Hilary Mantel won the Man Booker Prize last night with “Bring Up the Bodies,” the second installment in her Thomas Cromwell trilogy, which began with 2009’s winner, “Wolf Hall.”
She’s the first woman and first British author to be given the award twice, and the first to win for two books in a row.
“You’re only as good as your last paragraph, and I haven’t even written one of those today,” Mantel said at a press conference after the award ceremony.
Mantel overcame competition from the bookies’ favorite, Will Self’s “Umbrella,” and four other finalists to claim the U.K.’s most prestigious literary award. The prize, which comes with 50,000 pounds ($81,000), was announced at a black-tie dinner in London’s medieval Guildhall.
Mantel had initially intended to chronicle the life of Cromwell, Henry VIII’s self-made fixer-in-chief, in just two volumes. After the success of “Wolf Hall,” she decided to make it three.
The judges praised Mantel for bringing to life a crucial chapter in English history as if for the first time, using modern language to convey in full its foreignness.
“This is a very remarkable piece of prose,” said the chairman of the judging panel, Peter Stothard, editor of the Times Literary Supplement. Mantel “uses her art, her power of prose, to create moral ambiguity and the real uncertainty of political life. You can see as much Don Corleone in this as D.H. Lawrence.”
“Bring Up the Bodies” (Fourth Estate/Holt) resumes Cromwell’s story in 1535. The king is now married to Anne Boleyn, thanks largely to Cromwell’s machinations, yet there is still no male heir to the throne.
As the royal eye begins to rove again and rumors of Anne’s infidelities grow noisier, it becomes apparent that she must be gotten rid of. As her creator, Cromwell himself is in a precarious position at court, and he must summon all his Machiavellian guile to ensure her swift downfall.
More intense in focus than its predecessor, it entrenches Mantel’s Cromwell as one of literature’s most memorable characters.
Mantel said at the press conference that she plans to call the final installment in the trilogy “The Mirror and the Light.” She can’t tell how far along with it she is.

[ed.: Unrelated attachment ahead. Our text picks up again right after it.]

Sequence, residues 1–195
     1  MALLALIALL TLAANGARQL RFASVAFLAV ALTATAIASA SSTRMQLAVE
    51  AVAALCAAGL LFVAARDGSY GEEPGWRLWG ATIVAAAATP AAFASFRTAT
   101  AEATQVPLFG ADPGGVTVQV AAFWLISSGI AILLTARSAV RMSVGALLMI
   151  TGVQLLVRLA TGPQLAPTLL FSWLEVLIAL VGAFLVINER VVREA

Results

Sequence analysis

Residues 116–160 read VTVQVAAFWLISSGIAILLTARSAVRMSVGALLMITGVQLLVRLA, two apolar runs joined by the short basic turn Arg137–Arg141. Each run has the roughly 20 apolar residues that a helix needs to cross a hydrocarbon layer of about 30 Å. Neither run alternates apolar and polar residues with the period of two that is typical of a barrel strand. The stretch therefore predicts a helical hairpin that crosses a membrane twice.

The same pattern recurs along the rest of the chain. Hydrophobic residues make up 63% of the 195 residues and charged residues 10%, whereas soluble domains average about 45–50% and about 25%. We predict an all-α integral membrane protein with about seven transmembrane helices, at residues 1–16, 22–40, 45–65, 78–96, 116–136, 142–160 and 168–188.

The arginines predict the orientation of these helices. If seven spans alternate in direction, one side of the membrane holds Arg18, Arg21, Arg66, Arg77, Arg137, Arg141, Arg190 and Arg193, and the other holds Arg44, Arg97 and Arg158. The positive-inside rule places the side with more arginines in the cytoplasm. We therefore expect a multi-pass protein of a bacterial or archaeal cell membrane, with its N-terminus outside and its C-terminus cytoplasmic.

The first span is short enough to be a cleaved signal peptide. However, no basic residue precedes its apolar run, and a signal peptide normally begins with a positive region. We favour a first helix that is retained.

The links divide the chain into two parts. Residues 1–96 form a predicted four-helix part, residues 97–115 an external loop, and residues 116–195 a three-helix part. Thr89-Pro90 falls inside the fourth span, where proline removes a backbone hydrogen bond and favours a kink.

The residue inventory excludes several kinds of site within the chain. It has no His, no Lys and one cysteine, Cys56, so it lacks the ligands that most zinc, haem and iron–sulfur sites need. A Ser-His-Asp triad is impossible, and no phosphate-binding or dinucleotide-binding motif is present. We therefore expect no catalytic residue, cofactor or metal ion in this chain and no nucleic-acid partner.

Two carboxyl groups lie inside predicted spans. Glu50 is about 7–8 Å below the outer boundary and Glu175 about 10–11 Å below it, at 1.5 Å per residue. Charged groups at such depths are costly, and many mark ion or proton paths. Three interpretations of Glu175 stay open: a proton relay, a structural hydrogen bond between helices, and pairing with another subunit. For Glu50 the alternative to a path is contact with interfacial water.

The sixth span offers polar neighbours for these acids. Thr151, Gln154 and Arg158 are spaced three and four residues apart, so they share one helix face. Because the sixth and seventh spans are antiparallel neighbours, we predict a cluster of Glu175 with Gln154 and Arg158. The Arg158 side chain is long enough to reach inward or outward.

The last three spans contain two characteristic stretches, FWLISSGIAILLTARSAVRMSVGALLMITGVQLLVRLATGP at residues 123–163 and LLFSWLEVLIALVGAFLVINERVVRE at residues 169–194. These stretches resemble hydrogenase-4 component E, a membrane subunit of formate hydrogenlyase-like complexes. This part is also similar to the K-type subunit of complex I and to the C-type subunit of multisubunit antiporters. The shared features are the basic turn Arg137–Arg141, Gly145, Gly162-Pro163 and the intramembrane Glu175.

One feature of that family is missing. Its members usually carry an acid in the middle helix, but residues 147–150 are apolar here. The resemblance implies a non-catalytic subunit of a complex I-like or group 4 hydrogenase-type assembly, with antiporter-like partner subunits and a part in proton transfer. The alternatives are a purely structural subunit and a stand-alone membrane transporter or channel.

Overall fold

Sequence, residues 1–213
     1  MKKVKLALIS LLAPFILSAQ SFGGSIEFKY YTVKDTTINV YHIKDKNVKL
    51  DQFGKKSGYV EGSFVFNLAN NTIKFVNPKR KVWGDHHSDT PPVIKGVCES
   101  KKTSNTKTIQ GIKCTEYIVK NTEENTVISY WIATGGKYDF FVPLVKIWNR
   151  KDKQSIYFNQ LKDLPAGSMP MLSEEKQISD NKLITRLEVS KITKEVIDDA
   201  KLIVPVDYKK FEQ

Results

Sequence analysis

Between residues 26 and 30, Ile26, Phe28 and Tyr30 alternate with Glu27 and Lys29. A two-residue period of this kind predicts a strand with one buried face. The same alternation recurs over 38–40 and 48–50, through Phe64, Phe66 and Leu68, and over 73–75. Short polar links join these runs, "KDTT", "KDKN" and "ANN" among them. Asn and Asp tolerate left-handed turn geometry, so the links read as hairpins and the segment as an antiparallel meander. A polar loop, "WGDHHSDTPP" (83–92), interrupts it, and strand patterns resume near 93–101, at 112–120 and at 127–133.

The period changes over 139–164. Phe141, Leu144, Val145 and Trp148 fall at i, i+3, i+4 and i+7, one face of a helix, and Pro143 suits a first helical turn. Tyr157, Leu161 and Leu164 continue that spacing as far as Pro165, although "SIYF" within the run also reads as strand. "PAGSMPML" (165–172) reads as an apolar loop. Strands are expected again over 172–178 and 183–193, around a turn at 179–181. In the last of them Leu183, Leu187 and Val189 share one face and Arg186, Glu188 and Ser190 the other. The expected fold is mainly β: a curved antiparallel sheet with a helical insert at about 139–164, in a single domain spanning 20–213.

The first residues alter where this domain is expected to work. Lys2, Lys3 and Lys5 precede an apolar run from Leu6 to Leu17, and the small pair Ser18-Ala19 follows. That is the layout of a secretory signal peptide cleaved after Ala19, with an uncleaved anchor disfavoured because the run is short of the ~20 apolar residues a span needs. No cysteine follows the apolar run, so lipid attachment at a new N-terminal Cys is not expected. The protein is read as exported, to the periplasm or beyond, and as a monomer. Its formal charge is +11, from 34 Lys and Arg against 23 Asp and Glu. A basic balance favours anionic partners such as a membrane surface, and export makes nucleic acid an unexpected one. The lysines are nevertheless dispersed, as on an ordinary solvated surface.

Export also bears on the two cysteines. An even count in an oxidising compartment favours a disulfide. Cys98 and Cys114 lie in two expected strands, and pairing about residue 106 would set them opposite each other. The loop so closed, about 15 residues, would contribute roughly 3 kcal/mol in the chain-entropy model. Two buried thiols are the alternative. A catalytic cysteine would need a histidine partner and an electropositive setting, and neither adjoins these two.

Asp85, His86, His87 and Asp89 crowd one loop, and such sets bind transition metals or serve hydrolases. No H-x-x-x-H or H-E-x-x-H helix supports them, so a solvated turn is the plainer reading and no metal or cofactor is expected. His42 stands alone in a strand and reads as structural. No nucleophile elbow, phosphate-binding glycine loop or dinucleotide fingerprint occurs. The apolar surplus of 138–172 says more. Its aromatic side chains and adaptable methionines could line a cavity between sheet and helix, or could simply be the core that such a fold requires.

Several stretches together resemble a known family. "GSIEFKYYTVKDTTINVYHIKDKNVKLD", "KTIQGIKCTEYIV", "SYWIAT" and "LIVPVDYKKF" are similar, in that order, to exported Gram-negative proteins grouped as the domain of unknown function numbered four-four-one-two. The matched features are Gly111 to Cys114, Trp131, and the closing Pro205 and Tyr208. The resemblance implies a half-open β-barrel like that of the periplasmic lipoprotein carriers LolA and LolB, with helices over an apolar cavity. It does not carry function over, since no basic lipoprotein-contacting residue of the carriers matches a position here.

“Between the two Bookers I’ve had misadventures,” she said, explaining that she lost most of 2010 to illness and wrote “Bring Up the Bodies” very quickly.
“My method in writing is not sequential,” she said. “I make up books like a collage. I have files and files of material but it’s always difficult to say, ‘I’m up to Chapter 3,’ because that’s not the way it presents itself.”
Runners-up for the prize included Self’s experimental “Umbrella” (Bloomsbury/Grove), in which a psychiatrist uses a potent drug to awaken a feminist who has been catatonic for decades; and Tan Twan Eng’s “The Garden of Evening Mists” (Myrmidon/Weinstein), a complex novel rooted in 1950s Malaya, where horticulture offers balm for war’s deepest wounds.
The other finalists were Deborah Levy’s “Swimming Home” (Faber/And Other Stories/Bloomsbury USA), the tale of a troubled fan who invades a famous poet’s family vacation; Alison Moore’s “The Lighthouse” (Salt Publishing), a first novel about a man whose walking tour of Germany takes a terrifying turn; and Jeet Thayil’s “Narcopolis” (Faber/Penguin), another debut, this one a tale of addiction set in a Bombay opium den.
Now in its 44th year, the Man Booker promises an almost certain increase in sales. Each of the six finalists, including the winner, receives 2,500 pounds ($4,000) and a leather-bound edition of his or her own book.
The contest is designed to celebrate the best novel written in English by a citizen of the British Commonwealth or the Republic of Ireland and published this year. Established in 1969 by food wholesaler Booker Plc, the prize has been sponsored since 2002 by Man Group Plc (EMG), the world’s largest publicly traded hedge-fund manager.
Muse highlights include Mark Beech on music and Martin Gayford on art.
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